Police Sophistication Rises In Tracking Online Sex Predators


The Internet video of a man sexually assaulting two preteen girls was tough even for seasoned investigators to watch, but the Hartford-area radio station playing in the background gave them the clue they needed, says the Hartford Courant. The video had surfaced in Japan, been sent to the National Center for Missing and Exploited Children in Virginia and landed in 2003 with Hartford police and the state police Computer Crimes Against Children Task Force, then in its infancy. A combination of old-fashioned shoe leather and high-tech sleuthing led to an arrest that year.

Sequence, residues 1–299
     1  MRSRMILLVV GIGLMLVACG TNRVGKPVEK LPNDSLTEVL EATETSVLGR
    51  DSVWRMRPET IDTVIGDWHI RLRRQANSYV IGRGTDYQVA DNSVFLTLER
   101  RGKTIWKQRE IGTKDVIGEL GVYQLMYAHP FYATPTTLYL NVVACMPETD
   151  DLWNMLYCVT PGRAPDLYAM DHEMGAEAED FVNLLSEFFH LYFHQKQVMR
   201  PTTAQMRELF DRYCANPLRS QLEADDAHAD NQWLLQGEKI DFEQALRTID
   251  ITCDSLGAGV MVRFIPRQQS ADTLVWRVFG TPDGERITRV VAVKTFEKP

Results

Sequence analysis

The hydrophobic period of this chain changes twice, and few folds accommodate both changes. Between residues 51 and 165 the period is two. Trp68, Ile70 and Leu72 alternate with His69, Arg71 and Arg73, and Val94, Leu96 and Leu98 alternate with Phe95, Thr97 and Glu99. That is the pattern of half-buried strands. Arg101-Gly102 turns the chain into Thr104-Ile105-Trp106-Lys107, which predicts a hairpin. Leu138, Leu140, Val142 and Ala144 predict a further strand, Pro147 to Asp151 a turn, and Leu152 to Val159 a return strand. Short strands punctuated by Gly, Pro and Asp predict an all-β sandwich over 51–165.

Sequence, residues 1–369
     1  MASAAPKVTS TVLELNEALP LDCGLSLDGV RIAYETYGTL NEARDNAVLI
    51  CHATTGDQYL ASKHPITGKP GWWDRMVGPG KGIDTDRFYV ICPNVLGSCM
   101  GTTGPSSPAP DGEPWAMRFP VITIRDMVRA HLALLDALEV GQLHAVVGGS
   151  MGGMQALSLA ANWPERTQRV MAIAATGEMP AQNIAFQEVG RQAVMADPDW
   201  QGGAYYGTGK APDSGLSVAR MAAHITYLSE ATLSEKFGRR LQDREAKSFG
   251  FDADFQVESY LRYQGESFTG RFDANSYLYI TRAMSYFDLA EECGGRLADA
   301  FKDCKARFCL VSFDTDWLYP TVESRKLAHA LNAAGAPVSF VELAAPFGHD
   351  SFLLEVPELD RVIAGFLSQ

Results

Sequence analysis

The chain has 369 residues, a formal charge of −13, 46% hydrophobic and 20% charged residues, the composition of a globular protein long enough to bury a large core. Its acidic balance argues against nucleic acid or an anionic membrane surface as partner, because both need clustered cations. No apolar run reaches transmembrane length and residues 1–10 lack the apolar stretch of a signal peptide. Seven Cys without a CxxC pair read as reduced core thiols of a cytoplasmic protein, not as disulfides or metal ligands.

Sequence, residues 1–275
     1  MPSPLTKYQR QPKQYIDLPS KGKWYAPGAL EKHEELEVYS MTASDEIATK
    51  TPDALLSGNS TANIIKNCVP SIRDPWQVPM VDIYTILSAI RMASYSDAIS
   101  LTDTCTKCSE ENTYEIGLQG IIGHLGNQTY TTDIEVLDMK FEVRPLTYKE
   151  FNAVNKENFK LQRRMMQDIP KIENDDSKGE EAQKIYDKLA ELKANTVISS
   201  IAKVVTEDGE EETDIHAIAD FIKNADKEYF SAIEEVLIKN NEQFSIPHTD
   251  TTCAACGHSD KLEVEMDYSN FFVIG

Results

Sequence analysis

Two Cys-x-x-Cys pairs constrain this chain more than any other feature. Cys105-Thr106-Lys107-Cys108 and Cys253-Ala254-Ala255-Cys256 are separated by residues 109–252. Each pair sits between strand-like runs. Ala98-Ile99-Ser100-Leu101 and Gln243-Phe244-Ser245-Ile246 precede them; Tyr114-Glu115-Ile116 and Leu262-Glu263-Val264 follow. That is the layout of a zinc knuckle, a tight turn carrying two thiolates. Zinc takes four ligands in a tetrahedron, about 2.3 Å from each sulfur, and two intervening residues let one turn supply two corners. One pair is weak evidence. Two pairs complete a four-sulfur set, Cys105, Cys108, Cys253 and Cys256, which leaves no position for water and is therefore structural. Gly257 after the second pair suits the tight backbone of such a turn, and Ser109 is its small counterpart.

Although investigations of computer-based crimes until recently have been predominantly the province of state police, the task force has launched an ambitious training program to provide local police departments with the skills and equipment needed to investigate online predators and child pornography. So far this year, 133 local officers have been trained, compared with three last year. The number of cases investigated by local departments increased from 34 in 2009 to 90 so far this year. “I never really envisioned there were that many people involved in child pornography,” said Sgt. Jim Smith of the state police forensics lab. “I’m flabbergasted still by the number of people out there.” Investigators face the challenge of keeping up to date on the latest technological developments in a cat-and-mouse game with perpetrators. “The newest toys are available for the bad guys, and they usually have better funding,” said Lt. James Wardwell of the New Britain Police Department.

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